Authored by Wolf Richter via,

It’s cyclical, stupid!

The transportation sector is a reflection of the goods-based economy in the US. Demand has been blistering across all modes of transportation. Freight shipment volume (not pricing… we’ll get to pricing in a moment) by truck, rail, air, and barge, according to the Cass Freight Index  jumped 10.6% in July compared to a year earlier. This pushed the index, which is not seasonally adjusted, to its highest level for July since 2007.

The dynamics in the transportation sector are “clearly signaling that the US economy, at least for now, is ignoring all of the angst coming out of Washington D.C. about the trade wars,” the report by Cass said.

The Cass Shipments Index does not include shipments of bulk commodities, such as grains or chemicals. But shipments of commodities were strong too, according to the Association of American Railroads. Excluding the carload category of coal, which is facing a structural decline in the US, carloads rose by 6.7% year-over-year, including grain, up 14.7%; petroleum & petroleum products, up 27%; and chemicals, up 4.6%. Of the 20 commodity carload categories, only five showed declines, including nonmetallic minerals, metallic ores, and the biggie, coal.

And intermodal traffic – shipments of containers and trailers via a combination of rail and truck – surged 6.9% in July compared to July last year, the AAR reported.

The pop in the Cass Shipments Index of 10.6% was the sixth double-digit increase so far this year. Only June had come in with a single-digit increase (7.2%):

Capacity in trucking is very tight. Some of the squeeze, especially among small trucking companies, earlier this year was triggered by the newly required Electronic Logging Devices (ELDs) that record drive times by truckers and thus help enforce the legal hourly limits truckers can drive. This hurt capacity and utilization earlier this year. But Cass points out:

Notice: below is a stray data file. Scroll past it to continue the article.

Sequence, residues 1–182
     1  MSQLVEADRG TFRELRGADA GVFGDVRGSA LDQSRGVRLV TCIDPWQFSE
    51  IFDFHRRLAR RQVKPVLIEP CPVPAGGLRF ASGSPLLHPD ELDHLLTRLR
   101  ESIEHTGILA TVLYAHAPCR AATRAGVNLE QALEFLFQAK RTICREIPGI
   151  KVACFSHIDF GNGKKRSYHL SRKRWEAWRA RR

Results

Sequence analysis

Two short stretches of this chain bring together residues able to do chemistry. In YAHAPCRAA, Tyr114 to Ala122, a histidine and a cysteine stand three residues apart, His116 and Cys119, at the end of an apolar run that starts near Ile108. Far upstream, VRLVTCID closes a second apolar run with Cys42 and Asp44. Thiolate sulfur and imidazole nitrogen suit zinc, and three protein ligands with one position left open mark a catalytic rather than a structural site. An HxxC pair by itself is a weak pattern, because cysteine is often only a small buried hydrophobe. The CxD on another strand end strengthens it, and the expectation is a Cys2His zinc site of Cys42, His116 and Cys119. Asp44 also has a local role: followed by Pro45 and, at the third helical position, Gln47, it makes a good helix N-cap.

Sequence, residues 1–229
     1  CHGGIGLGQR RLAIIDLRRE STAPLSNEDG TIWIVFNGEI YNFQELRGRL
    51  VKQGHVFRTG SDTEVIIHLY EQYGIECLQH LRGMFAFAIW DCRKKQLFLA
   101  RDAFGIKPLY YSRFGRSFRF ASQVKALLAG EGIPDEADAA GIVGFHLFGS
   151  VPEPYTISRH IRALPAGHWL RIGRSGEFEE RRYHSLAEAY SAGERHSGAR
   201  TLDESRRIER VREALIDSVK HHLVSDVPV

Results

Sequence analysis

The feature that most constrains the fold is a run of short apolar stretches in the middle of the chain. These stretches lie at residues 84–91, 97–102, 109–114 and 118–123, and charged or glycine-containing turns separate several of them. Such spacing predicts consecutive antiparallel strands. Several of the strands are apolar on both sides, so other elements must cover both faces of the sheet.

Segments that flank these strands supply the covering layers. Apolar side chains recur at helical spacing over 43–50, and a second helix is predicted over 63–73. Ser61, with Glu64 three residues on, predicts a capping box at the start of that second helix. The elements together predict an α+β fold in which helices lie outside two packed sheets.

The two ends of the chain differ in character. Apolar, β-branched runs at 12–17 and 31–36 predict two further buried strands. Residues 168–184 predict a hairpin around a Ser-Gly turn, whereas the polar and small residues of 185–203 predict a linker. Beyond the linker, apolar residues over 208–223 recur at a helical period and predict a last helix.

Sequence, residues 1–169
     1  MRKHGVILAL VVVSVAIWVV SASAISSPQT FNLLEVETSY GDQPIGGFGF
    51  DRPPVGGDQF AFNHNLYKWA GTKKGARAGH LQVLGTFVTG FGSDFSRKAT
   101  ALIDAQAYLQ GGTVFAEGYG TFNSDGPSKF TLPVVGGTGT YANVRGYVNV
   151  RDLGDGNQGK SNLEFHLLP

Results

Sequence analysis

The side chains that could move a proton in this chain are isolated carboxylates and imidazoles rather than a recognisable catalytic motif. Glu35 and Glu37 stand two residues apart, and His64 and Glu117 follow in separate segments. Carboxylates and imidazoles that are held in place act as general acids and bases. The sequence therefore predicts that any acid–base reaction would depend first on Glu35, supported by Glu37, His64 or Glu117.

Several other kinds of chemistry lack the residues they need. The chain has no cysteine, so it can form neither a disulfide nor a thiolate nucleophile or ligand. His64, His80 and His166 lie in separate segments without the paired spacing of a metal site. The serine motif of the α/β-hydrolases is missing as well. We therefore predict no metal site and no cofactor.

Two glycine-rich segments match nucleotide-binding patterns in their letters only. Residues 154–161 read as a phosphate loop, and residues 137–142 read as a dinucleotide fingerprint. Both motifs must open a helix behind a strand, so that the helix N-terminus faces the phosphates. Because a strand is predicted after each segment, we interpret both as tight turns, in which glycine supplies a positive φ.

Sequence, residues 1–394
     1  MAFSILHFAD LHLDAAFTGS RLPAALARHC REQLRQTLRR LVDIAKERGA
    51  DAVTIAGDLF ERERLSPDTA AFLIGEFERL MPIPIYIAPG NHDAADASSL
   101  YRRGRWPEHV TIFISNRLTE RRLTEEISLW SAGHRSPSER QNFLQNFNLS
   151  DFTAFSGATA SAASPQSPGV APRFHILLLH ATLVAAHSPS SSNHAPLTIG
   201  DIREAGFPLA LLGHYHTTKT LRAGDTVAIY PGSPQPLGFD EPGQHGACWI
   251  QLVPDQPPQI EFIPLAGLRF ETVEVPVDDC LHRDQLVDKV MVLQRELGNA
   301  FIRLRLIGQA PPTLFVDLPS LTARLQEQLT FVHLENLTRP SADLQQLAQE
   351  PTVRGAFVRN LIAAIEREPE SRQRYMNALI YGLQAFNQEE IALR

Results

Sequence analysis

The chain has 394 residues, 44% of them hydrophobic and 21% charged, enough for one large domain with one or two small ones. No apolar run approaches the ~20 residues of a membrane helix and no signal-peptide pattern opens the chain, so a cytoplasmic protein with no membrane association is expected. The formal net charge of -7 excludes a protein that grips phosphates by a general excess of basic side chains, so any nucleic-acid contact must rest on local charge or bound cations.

[M]any of the truckers most adversely affected are now beginning to get some of the loss in utilization back, especially in the dry van and reefer (temperature control) marketplaces. The flatbed segment of trucking, however, is continuing to struggle with productivity after the adoption of ELDs.

Under pressure from this demand from shippers, tight capacity, and rising costs of diesel, pricing has been surging across the board.

The Cass Truckload Linehaul Index, which tracks per-mile full-truckload pricing but does not include fuel or fuel surcharges and is therefore not impacted by diesel price increases, jumped 10.2% in July, the largest year-over-year increase in the data going back to 2005:

One of the factors in creating pricing pressures is diesel. The US average retail price of diesel rose 24% at the end of July ($3.23) from a year ago, according to EIA data, but remains substantially below the range of the years before the Oil Bust:

The Cass Intermodal Price Index, which includes fuel prices, jumped 12.0% in June compared to a year ago, the 22nd month in a row of year-over-year increases, and the sharpest year-over-year increase since July 2011.

In aggregate, across all modes of transportation, the amount companies spent on shipping soared by 17.9% in July compared to July last year, according to the Cass Freight Expenditures index. This surge is a function of higher prices and fuel surcharges, as well as higher shipment volumes at those higher prices: